With the possible exception of April 15, January 2nd might be the most dreaded day of the year. “Happy New Year,” the preacher says with tongue firmly planted in cheek. So, how was it?
You see, since the fourth Thursday of November, Thanksgiving Day, until January 1st, everyone in America parties. We stuff ourselves with food—turkey and dressing, cakes, candies, pumpkin pie, chicken wings for bowl games. January 1st is a huge day with food, parties, football. And what do we get for all that? January 2nd.
Overweight, exhausted, in debt, and with the house in a mess, we are supposed to be “all in” for the New Year. But after all the football games, we realize it is time to get on a budget and get on a diet, and put up all those Christmas decorations. (How is it that all those Christmas decorations looked so great in December, look so tacky today?)
And whose idea was it to put all the good holiday stuff so early in winter? Think about it. There is nothing to look forward to but the bleakness and cold of winter (I hate winter, can you tell?) until March Madness and The Masters.
The month of January takes its name from the Roman god Janus—a two-faced being with both faces looking in opposite directions. Janus/January is a hinge time—one in which we can look back and look ahead.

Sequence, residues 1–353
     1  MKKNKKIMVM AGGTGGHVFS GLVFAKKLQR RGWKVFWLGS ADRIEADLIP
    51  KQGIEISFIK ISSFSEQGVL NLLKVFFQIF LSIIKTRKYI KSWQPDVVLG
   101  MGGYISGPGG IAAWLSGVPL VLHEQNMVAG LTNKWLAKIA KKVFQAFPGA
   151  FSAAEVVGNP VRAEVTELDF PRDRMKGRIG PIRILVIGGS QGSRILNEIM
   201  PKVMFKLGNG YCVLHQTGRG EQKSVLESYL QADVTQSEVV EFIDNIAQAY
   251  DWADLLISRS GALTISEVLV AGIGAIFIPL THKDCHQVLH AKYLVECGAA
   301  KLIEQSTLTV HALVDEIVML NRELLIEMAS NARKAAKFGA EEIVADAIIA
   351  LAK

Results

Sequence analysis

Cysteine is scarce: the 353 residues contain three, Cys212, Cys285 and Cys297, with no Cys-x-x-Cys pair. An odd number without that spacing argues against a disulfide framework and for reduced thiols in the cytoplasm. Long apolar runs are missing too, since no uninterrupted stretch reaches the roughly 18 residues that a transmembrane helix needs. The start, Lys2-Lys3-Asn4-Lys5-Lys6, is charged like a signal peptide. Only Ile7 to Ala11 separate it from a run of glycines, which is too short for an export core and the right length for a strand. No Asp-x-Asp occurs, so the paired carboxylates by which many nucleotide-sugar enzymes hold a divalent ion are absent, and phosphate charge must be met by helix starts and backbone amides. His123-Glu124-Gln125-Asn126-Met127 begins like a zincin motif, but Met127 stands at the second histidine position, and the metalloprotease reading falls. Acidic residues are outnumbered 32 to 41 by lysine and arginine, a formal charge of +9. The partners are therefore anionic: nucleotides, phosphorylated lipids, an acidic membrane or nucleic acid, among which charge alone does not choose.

January 2nd and the days that follow, should not be a time when all we do is figure out how we are going to lose weight and pay the bills, with the only thing to look forward to is flowers in the spring. This week is also a vantage point.
Yes, Janus looks back, but she also looks forward, as should we. January can’t be just the end of the party, but a hope month as we look forward to what God has for us. So, don’t use this week to make a list of last years’ disappointments. Use it, as a learning experience and redemption.
Paul says in Ephesians 1 that we have been redeemed and forgiven. When Paul says that we have been redeemed, he is saying that the slate has been wiped clean (2017 is over. Forget it). The original setting for the word redemption was “the setting free of a slave.” Someone bought the slave and set him free, and he had been redeemed. Paul points to the cross for our redemption. No matter how lousy you were as a person in 2017, or how bad the year was, it’s a new day. Christ is the God of the second chance. Because of Christ’s death for us on the cross, we have forgiveness from God, and with his help, we can turn our lives around.
When I was a kid I remember going with mom to the S&H Green Stamp Redemption Center. You’ve got to have some years on you to remember that. Back in the day, when you went to the grocery store you were given green stamps—the more groceries you bought, the more green stamps you got. You would then put the green stamps in a book and then look through the green stamp catalogue. When you had enough green stamps, you could “redeem” it at the S&H Redemption Center, and get a new toaster or mug. Hot diggity dog, those were the days.
Make the church your redemption center for 2018. Turn to Christ for a second chance. With his help things can be good again.
Meanwhile, I’m counting down the days till I can see the Augusta National Azaleas.